The Jungian term of enlightenment is moving beyond the archetypal roles that we’ve perpetuated since the dawn of civilization. Once we can look from the outside in, we become what Jung described as modern man. He explained that modern humans (noun adjusted for modern usage) are lonely because they have detached from their historically assigned roles. They also may be viewed as crazy as a result of their unwillingness to continue being fellow … Continue reading →
One major facet of writing visionary fiction is that the author spiritually grows during the writing process. There are periods where I have to put my work aside, either when I’m in spiritual stagnation or not feeling worthy enough to write because of a personal challenge that I have yet to overcome. Only after I sort through whatever issue is troubling me can I proceed. Each book’s conclusion connects me to the lessons learned by the characters, whose interior growth mirrors my own. What I find most revealing is that my characters ascend to a higher level than me; however, they take me one step further on my own path. They inspire me to become a better person.
I posed the question to some of my fellow authors of how they handle spiritual stagnation during the writing process and got some insightful responses.
Bob Fahey, author of Entertaining Naked People says “understanding the situation can only help so much. I know from long experience that these last for a few days while something marinates within me and then suddenly bursts free in unbelievable spouts of inspiration. And yet I still go through funks. I am just this morning coming out of a three day one. I call these being human. I can’t seem to connect with my guides in meditation; can’t feel healing energies flowing through me for those at a distance; have no ideas for whatever books I may be writing at the time. I am merely human for a while and I don’t like that. But I also realize the masters have better things … Continue reading →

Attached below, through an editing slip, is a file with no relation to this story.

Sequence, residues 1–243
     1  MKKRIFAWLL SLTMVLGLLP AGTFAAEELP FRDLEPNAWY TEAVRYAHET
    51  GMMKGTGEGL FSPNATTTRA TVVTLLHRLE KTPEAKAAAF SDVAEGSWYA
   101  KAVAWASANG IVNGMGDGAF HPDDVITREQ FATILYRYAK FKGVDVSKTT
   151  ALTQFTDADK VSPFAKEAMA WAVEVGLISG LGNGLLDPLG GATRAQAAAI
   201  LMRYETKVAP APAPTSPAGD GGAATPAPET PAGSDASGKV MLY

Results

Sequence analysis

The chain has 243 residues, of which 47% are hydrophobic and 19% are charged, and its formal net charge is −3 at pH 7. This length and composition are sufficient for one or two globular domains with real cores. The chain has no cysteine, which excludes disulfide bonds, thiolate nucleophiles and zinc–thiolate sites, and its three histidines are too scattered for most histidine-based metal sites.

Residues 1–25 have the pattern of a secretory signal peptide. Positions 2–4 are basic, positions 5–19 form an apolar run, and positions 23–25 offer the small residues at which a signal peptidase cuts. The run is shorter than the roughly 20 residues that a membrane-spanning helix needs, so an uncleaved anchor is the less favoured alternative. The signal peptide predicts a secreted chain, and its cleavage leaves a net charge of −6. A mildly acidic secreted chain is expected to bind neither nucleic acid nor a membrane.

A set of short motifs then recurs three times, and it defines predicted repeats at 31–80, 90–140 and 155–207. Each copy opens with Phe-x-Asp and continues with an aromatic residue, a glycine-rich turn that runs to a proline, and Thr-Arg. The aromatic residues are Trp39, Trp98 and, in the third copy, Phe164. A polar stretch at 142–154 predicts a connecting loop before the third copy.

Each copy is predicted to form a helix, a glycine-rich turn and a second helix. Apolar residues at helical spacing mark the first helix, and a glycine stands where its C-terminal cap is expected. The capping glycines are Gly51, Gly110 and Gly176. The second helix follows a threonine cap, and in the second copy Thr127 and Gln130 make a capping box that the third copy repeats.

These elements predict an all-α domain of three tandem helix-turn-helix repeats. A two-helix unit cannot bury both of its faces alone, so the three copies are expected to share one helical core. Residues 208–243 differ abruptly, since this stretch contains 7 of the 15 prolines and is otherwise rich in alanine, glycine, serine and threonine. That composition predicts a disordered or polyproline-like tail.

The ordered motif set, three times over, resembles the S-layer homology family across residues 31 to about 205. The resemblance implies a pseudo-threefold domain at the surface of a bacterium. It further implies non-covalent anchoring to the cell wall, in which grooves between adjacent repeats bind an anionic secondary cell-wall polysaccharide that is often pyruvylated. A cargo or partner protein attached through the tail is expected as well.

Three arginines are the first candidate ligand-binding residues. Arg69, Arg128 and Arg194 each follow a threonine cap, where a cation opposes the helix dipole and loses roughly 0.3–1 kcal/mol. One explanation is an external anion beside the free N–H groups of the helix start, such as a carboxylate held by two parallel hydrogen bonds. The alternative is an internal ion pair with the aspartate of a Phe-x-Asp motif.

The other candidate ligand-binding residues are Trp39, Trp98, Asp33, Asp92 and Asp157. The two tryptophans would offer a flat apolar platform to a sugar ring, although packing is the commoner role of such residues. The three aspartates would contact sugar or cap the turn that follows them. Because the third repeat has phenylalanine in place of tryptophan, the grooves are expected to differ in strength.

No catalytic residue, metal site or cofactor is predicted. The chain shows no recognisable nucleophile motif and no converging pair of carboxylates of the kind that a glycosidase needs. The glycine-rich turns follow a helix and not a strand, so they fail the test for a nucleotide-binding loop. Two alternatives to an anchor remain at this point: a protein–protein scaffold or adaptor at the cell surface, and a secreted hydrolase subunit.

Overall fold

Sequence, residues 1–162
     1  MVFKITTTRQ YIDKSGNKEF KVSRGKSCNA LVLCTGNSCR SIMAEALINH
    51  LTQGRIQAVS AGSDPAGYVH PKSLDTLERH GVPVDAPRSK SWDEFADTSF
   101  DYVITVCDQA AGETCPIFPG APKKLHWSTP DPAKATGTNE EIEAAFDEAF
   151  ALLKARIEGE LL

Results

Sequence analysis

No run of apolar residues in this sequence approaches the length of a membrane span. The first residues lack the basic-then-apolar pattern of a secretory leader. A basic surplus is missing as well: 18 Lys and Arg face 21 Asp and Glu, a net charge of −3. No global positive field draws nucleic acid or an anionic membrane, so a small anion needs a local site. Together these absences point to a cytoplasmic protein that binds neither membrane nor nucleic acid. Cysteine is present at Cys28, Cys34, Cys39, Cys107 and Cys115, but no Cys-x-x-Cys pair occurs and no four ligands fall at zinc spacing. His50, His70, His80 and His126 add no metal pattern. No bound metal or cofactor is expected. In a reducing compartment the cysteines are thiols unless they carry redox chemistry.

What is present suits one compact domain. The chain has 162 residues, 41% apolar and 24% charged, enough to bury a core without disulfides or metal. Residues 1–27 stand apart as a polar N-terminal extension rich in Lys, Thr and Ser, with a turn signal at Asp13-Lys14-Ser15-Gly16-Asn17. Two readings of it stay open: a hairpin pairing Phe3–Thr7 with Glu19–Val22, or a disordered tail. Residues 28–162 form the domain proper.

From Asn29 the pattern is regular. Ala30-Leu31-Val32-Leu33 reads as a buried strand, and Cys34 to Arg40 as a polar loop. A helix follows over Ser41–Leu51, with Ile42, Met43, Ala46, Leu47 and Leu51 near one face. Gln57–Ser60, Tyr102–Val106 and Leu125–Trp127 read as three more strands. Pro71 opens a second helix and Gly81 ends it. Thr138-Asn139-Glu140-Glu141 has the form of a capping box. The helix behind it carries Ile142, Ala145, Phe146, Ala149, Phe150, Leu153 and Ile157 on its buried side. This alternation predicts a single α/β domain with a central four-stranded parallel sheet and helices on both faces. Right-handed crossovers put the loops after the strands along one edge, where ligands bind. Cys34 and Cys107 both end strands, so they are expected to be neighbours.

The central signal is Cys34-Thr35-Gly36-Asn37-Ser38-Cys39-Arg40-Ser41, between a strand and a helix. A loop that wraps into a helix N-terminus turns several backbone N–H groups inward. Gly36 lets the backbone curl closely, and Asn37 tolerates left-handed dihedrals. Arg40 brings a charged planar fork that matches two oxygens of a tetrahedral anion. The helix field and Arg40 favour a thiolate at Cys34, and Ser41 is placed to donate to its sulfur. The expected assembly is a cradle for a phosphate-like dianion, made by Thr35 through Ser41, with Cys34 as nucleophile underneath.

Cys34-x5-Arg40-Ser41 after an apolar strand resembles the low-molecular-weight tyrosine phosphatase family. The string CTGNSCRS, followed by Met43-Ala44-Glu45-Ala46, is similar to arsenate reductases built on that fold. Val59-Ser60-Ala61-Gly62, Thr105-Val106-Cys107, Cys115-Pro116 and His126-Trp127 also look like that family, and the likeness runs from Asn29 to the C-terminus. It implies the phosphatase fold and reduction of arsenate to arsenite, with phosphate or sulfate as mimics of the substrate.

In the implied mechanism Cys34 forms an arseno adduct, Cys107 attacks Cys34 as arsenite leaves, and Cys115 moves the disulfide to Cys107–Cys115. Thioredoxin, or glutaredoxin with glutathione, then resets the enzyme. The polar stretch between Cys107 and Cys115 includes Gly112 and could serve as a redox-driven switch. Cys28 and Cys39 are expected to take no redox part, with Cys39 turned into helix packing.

This week, the Visionary Fiction Alliance is focusing on author, Jacklyn A. Lo and her debut novel, Redemption. She was inspired to write the story because of the “magic of it.” To set the mood, we begin with Jacklyn’s path to writing the book. Read how she beautifully explains what drives her to create visionary fiction.
In her own words:
Raised in an atheistic environment, I was one of many who fell asleep at the first page of the Bible. I never had a hope to understand this Holy book until I experienced something in my life, which I have come to call my Spiritual Choice.
My Spiritual Choice…
Years ago I realized that the corporate luxury train, in which I was comfortably riding, was taking me in a direction that I did not want to go. Getting off of this train at my own risk and expense was very hard, but I jumped off. But nothing completely disappears, and in my case, the tangibles (prestige, security, wealth and social status) were replaced by an intangible: the ability to see a Spiritual Choice.
The realization first came to me from movies. The spiritual choices of Dracula, Scarface, and the story of Abraham and Jesus became transparent to me. This revelation led me to a fascinating conclusion: a spiritual choice is a shortcut to “upgrade” a human’s consciousness. My enlightening journey continued. I began to see things that I had never seen before. And I added a new word to my personal vocabulary—vision. I realized that vision is a direct product of Consciousness, and that Consciousness is a subject … Continue reading →